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29

The short answer is to check with the manufacturer. That way you can be sure to stay within warranty guidelines. The longer answer is that it varies from model to model. When a refrigerator is placed in a non-standard position (for example on its side), compressor oil can run out of the compressor and up refrigerant lines. So if you don't stand it ...


13

When you short cycle the compressor like that it's the worst thing an owner can do to shorten the lifespan of it's compressor. The refrigerator compressor uses oil to lubricate the pump. This pump runs very hot. The oil becomes dirtier and dirtier as it travels through the refrigerator tubes and clogs the refrigerant paths making it impossible for the ...


12

Use a light bulb. Besides being more than capable of dissipating the power, it has the bonus of telling you when the capacitor is empty since the light will go out. The best way is to use a spare light socket and touch the two wires to the capacitor leads. Lacking a socket, some wire and electrical tape will do the trick if you're careful.


7

You should be using an insulated shorting probe to properly discharge that capacitor. There are special shorting probes made for this purpose, but the only ones I've seen online are for really large applications (like attached to a hot stick type large). When I was in the Navy we had some nice handheld sized ones for using inside equipment cabinets. ...


7

A fridge motor is controlled by a thermostat - a device that reacts to temperature inside the fridge. So fridge motor starts/stops are completely agnostic to whether the fridge is level, the only practical consequence of fridge being non-level is extra noise. The most likely reason for fridge motor running too often are the following: loose gasket around ...


6

Are you on a city water system, or a well? Do you get the film from your tap? If not, then it's something in the water line to the fridge, or in the filter. In my whirlpool fridge, the "reservoir" for the chilled water is simply a coiled up roll of the plastic tubing. Clean out the fridge, and take a look at that to see if you can see any obvious ...


6

If you're up for it, I would install a valve in the wall while you have the water shut off. When you're done, you'll have a separate shutoff for the fridge and your bathroom available again. To make it look nice, I'd go for a valve box that you mount in the wall:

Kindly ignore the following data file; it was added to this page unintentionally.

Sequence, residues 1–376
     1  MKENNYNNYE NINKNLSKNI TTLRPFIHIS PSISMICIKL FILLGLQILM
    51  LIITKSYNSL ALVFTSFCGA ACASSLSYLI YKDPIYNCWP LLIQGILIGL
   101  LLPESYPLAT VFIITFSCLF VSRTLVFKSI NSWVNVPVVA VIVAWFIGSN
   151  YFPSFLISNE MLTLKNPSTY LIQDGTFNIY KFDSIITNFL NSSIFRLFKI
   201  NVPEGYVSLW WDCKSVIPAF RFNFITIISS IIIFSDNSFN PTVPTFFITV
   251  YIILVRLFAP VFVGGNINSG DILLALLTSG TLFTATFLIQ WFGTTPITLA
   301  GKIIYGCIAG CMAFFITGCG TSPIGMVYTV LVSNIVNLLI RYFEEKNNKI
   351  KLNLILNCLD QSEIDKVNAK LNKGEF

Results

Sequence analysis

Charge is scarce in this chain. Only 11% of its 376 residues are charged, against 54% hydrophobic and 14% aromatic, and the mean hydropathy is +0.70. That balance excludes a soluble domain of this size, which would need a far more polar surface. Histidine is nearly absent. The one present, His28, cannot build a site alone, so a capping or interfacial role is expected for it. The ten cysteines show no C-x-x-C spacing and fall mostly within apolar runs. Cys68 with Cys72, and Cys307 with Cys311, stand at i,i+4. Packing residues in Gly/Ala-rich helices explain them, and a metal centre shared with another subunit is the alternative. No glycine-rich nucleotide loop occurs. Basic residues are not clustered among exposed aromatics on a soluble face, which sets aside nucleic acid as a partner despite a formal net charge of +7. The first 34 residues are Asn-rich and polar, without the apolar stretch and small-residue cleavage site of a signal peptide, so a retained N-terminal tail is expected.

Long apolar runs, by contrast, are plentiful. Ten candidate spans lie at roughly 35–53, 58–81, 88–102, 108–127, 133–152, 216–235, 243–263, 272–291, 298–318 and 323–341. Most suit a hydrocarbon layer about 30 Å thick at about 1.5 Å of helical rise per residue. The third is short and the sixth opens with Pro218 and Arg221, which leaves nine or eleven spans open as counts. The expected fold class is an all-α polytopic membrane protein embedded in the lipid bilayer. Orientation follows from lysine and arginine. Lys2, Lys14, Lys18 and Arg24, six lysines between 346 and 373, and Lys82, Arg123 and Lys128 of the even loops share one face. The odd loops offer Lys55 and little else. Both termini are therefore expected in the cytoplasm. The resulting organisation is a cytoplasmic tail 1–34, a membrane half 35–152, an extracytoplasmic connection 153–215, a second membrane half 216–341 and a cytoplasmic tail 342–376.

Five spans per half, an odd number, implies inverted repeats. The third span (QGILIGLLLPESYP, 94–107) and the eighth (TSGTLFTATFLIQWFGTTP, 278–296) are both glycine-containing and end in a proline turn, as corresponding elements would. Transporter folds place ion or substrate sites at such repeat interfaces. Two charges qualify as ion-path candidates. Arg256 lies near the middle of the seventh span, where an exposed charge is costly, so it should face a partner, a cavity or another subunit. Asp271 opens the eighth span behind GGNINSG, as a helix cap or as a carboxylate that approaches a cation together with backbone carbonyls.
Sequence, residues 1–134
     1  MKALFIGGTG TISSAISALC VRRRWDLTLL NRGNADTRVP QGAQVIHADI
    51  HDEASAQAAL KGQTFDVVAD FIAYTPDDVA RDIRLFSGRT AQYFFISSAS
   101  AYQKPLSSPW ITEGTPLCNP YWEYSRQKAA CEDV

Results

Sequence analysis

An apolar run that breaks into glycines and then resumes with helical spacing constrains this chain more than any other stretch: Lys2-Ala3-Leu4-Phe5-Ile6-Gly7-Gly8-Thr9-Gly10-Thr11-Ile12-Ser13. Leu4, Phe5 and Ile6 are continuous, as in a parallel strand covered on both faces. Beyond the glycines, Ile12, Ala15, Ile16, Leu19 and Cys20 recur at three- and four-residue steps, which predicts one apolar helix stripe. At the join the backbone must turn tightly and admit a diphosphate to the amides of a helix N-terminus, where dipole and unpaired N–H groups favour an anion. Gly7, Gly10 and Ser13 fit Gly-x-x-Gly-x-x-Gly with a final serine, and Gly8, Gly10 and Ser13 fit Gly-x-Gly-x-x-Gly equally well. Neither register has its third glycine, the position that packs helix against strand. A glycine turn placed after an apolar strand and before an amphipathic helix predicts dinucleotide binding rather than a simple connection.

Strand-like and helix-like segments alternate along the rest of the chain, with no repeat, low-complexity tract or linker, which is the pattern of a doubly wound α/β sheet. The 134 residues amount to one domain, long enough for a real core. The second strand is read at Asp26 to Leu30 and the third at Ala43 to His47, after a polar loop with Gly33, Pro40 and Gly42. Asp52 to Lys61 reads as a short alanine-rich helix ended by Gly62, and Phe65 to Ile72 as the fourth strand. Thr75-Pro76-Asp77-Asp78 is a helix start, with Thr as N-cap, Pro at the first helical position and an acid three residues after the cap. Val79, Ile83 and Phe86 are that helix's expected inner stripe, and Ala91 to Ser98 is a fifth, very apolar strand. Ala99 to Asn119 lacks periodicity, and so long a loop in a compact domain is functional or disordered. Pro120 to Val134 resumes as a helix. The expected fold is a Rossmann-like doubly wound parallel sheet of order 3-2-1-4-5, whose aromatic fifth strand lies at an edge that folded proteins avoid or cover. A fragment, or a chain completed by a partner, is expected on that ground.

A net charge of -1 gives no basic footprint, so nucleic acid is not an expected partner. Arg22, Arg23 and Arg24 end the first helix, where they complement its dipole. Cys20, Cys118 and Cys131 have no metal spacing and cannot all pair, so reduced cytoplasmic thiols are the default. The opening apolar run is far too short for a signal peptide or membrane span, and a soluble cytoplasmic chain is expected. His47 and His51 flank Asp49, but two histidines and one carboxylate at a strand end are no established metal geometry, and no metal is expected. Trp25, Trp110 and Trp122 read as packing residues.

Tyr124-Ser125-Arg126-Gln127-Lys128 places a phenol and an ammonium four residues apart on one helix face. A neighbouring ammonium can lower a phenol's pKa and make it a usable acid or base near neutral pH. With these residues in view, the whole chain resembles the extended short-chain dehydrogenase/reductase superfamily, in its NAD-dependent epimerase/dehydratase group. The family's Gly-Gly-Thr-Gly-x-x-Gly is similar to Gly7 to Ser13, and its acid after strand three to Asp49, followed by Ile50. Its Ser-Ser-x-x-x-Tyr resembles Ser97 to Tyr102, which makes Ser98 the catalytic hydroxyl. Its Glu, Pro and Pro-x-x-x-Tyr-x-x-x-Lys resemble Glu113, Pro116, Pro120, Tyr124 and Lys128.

6

Make sure that the pipe is inserted into the valve as far as it will go before you tighten the compression fitting - it would only slip out if not properly tightened against the ferrule. Two other recommendations: Get rid of the piercing saddle valve and install a ball valve (1/4 turn) that has either a compression fitting or is soldered in place. Scrap ...


6

An open ground is not in and of itself a problem. Grounds are there to dump excess voltage in case something goes wrong. If all our appliances worked properly all the time, there'd be no need for ground. So what you have is two problems: Your fridge has a bare wire rubbing against the frame or other electrical short, And, the safety device meant to ...


6

What about rubber furniture cups? If they are not deep enough, you could cut a channel in the center to set the fridge leg/wheel deeper.


6

Easy, cheap option would be to use shims. These are most often used to plumb door jambs, but of course have a ton of uses in construction. Once you put them in and figure out how far they have to go, mark them and then you can take them out and cut off the excess (either with a hand saw or by scoring with a knife).


5

Well, even if they find the problem they are still going to charge you 30$+parts+install time= a colossal waste of time and money. I've owned a numerous array of mini fridges and none of them last much longer than 2 years, the workmanship on these just isn't worth fixing. Unless the fix is something you can readily check, like a reset button, I'd cut you ...


5

Two thoughts from this peanut in the gallery: Make sure whatever timer you have is designed to handle the load being pulled by the refrigerator. I'm pretty sure this is one of the top power users in the house, behind any heating systems (dryer, oven, electric heaters) and probably behind a central AC system. Using a cheap timer designed for a lamp would ...


5

Here's an outside the box idea (which assumes that your main problem is that it wakes you up): Get one of those timer plugs like they have for holiday lights and let it "unplug" your fridge while you sleep. You'll need a beefy one to handle the compressor spike when it kicks on (check the ratings on the timer plugs and compare it to the max rating of your ...


5

You can get the smaller refrigerator, and use the extra space to create shelves for bootles. this way you could have refrigerated wine and not refrigerator next to each other. The shelves would be made to hold individual bottles. Like this: